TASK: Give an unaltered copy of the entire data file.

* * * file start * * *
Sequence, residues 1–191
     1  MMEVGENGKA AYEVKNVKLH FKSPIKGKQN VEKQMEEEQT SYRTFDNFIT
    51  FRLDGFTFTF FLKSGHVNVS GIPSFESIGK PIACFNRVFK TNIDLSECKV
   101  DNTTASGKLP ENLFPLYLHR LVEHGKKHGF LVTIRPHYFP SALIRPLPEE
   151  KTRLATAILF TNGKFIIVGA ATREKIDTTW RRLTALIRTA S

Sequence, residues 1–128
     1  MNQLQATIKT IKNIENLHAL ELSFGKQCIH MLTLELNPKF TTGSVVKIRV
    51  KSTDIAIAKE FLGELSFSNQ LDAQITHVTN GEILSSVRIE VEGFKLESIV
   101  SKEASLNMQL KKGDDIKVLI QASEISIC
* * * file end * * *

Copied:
Sequence, residues 1–191
     1  MMEVGENGKA AYEVKNVKLH FKSPIKGKQN VEKQMEEEQT SYRTFDNFIT
    51  FRLDGFTFTF FLKSGHVNVS GIPSFESIGK PIACFNRVFK TNIDLSECKV
   101  DNTTASGKLP ENLFPLYLHR LVEHGKKHGF LVTIRPHYFP SALIRPLPEE
   151  KTRLATAILF TNGKFIIVGA ATREKIDTTW RRLTALIRTA S

Sequence, residues 1–128
     1  MNQLQATIKT IKNIENLHAL ELSFGKQCIH MLTLELNPKF TTGSVVKIRV
    51  KSTDIAIAKE FLGELSFSNQ LDAQITHVTN GEILSSVRIE VEGFKLESIV
   101  SKEASLNMQL KKGDDIKVLI QASEISIC